The 6 Stages of The Employee Life Cycle
Stage 1 – Attraction
Team building is a crucial aspect of any organisation. Getting the right people in the right roles can make or break a company’s success.
One of the most important steps in the recruitment process is role profiling.
Role profiling is the process of defining the requirements and responsibilities for a particular position. It involves identifying the essential skills, knowledge, experience, and qualifications needed to perform the job effectively. A well-written role profile will attract the best candidates, and also act as a natural pre-filter, enabling you to quickly identify applicants who are not the right fit.
Take a step back
Before beginning to write a profile, it’s worth stepping back and reviewing the vacant position. If it is replacing a leaver, do you need a like-for-like replacement? Or are there aspects of the role that have evolved – are there any skills gaps or challenges within the team that a new hire could bring to the mix and add some value?
It could even be an opportunity to make wider changes – redistributing tasks that other people in the team would like to do and taking tasks away that the current team don’t enjoy.
Team profiling is also a sound investment – looking at the combined strengths of your team and what attributes they are lacking to operate effectively as a whole. Do you have too many challengers and not enough communicators or collaborators? Does the team share the company Vision and Values.?
Key Steps to writing a Bullet Proof Profile
- Identify the job title and seniority level.
This helps to define the scope of the position, where and how you will search and source your ideal hire, whilst setting the expectations for the candidate. Proactive job seekers will be exploring the job boards; the need to capture their attention is critical.
- Define the job purpose and key responsibilities.
With clarity, summarise the sole purpose of the role, its essential functions, as well as the desirable’s that will really add some value to the role and team. Don’t overload the profile with an enormous wish list, give some insight to a “Day/Week in the life of” Set the expectations and what level of responsibility they will including direct reports.
- Identify the necessary skills and qualifications.
This includes educational requirements, as well as certifications or specialised training that may be required. – In terms of soft skills and personality profile fit, do you need a good communicator with great social and people skills or someone that’s great with analytics. Be clear as to your expectations as potential candidates can connect with this kind of detail.
- Determine the level of experience required.
The number of years of experience required in a particular field is useful, but the breadth of experience across multiple industries could bring innovation.
Think this through very carefully – you don’t want to exclude good candidates who lack specific experience but could bring valuable insights from outside your area, especially if the team already has the history to bring a new recruit up to speed.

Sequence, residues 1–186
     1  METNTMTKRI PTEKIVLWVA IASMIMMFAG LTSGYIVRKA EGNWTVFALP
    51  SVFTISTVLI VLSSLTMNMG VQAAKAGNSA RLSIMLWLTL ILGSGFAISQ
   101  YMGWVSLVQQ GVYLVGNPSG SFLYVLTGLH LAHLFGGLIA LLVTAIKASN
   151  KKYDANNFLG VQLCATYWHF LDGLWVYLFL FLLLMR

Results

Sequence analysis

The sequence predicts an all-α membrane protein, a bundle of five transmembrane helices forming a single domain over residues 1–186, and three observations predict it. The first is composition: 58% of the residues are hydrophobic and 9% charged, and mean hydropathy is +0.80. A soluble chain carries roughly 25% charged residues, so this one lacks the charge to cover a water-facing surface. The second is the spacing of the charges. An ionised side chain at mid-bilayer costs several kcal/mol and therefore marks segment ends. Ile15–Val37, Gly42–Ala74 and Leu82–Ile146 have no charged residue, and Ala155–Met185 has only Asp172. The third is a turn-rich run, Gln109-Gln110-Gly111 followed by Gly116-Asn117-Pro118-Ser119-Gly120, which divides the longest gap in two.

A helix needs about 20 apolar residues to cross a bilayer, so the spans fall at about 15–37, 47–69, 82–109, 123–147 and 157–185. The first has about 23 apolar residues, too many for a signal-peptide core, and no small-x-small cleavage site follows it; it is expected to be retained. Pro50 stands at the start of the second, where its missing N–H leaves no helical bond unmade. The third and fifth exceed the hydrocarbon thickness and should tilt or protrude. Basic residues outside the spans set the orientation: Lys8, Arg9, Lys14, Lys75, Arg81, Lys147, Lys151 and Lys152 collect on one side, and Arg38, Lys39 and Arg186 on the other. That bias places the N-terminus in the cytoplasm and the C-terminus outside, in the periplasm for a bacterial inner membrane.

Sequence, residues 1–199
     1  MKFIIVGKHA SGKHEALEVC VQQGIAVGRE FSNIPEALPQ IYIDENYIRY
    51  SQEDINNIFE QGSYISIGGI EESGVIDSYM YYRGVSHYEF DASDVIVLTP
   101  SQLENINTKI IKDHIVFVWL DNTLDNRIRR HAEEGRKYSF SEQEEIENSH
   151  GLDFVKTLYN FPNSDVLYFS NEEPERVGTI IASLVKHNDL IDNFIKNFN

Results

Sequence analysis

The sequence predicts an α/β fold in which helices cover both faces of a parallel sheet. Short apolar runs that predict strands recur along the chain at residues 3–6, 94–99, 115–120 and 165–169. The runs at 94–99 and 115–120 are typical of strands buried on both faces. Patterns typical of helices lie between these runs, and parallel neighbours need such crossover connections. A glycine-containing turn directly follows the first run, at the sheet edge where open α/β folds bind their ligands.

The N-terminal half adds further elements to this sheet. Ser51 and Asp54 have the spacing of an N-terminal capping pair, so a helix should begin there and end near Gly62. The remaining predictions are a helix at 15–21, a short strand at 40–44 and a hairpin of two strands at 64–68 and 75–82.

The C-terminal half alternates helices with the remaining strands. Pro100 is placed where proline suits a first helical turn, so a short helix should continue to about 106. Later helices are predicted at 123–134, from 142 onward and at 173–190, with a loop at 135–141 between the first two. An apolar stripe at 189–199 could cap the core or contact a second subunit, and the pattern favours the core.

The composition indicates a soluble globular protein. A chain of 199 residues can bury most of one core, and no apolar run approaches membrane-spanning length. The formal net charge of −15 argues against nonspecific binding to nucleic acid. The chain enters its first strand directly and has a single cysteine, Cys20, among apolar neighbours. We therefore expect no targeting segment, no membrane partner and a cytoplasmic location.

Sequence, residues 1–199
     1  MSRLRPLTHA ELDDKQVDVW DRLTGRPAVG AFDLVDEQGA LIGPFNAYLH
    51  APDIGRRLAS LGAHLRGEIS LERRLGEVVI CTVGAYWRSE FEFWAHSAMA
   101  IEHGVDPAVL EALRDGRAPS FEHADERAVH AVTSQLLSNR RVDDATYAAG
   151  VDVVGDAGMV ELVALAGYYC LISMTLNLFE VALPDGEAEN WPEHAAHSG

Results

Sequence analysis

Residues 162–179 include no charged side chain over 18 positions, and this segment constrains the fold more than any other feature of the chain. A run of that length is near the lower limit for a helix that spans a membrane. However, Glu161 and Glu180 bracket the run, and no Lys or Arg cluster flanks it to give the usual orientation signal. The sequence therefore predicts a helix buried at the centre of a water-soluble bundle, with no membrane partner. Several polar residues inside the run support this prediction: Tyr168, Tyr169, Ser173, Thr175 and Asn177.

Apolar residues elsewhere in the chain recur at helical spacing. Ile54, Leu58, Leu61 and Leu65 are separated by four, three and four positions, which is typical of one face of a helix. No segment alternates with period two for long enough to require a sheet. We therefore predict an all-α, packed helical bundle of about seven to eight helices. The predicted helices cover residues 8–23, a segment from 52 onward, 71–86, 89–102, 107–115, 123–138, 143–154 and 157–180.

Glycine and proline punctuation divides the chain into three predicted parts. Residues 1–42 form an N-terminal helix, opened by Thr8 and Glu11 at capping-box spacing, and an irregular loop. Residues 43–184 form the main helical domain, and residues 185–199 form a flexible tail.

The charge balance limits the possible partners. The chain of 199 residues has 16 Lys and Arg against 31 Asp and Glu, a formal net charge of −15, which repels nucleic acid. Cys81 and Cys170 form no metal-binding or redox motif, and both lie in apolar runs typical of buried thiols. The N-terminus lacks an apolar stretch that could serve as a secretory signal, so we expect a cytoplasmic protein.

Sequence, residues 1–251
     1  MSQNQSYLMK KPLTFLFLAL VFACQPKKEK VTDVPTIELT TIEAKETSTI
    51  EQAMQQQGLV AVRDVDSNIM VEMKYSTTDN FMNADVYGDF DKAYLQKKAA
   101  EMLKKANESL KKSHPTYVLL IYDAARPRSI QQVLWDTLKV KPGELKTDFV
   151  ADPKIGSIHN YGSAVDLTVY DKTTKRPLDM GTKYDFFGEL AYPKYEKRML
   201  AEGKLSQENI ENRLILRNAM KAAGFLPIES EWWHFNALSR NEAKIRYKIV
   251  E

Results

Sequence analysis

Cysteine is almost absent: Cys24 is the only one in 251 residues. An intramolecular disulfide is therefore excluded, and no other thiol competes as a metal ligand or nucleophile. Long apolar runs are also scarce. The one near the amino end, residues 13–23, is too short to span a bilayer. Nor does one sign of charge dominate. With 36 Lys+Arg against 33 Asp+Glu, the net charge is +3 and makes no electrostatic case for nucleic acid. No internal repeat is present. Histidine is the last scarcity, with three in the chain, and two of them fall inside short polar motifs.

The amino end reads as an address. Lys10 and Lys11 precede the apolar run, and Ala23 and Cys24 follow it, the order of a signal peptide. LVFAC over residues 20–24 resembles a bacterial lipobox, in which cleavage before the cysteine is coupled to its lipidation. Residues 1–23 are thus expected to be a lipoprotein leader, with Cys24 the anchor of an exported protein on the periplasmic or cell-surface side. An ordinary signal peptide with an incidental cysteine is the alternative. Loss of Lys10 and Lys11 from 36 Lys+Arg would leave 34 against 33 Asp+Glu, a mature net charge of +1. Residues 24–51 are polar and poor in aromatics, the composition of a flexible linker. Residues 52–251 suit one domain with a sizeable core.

- Define the cultural fit
The final step, but no less important. You’re looking for the right person, not just the right skills. The new recruit will need to integrate with their colleagues, and be managed. Identify the values, beliefs, and attitudes that are necessary for success in the role. Once this is established it will be easy to spot the ones that don’t represent the company ethos Vision and Values.
Do your research
If this is a role that you haven’t advertised before, spend some time online looking at similar role profiles. Put yourself in the shoes of somebody applying for this job and ask yourself which vacancy you would be attracted to and why. Think about the stage of the employee lifecycle the applicant may be at, and the type of person you want in your team.
Once you have a draft profile, give it to the other team members to review. This will give you valuable feedback, as well as giving them some buy-in and giving clarity over what the new person will be doing. You never know, this might prompt somebody to apply for it themselves, or start discussions around how the team could be adjusted to work better.
Benefits of Role Profiling
- Attracting the right candidates: A well-written role profile helps to attract the right candidates by clearly defining the job responsibilities, required skills, and qualifications.
- Streamlining the recruitment process: Role profiling ensures that the job requirements are clearly defined, and the candidates are assessed against the same criteria. It also allows candidates to self-select – filtering out those who are obviously a poor fit before interview.
- Improving employee retention: Sets clear expectations right from the outset, and ensures that the candidates hired for the job are a good fit for the position and the organisation.
- Enhancing employee engagement: Getting the right person in the right job, with very clear expectations that can be discussed with the line manager, is a great way to hit the ground running.
An essential step – DO NOT rush the process!
Role profiling is an essential step in the recruitment process. It helps to ensure that the job requirements are clearly defined, and the right candidates are attracted to the position. A well-written role profile can streamline the recruitment process, improve employee retention, and enhance employee engagement.
OutThere is experienced at partnering with companies to manage all of their internal recruitment. Take a look at our Outsourced Recruitment Services.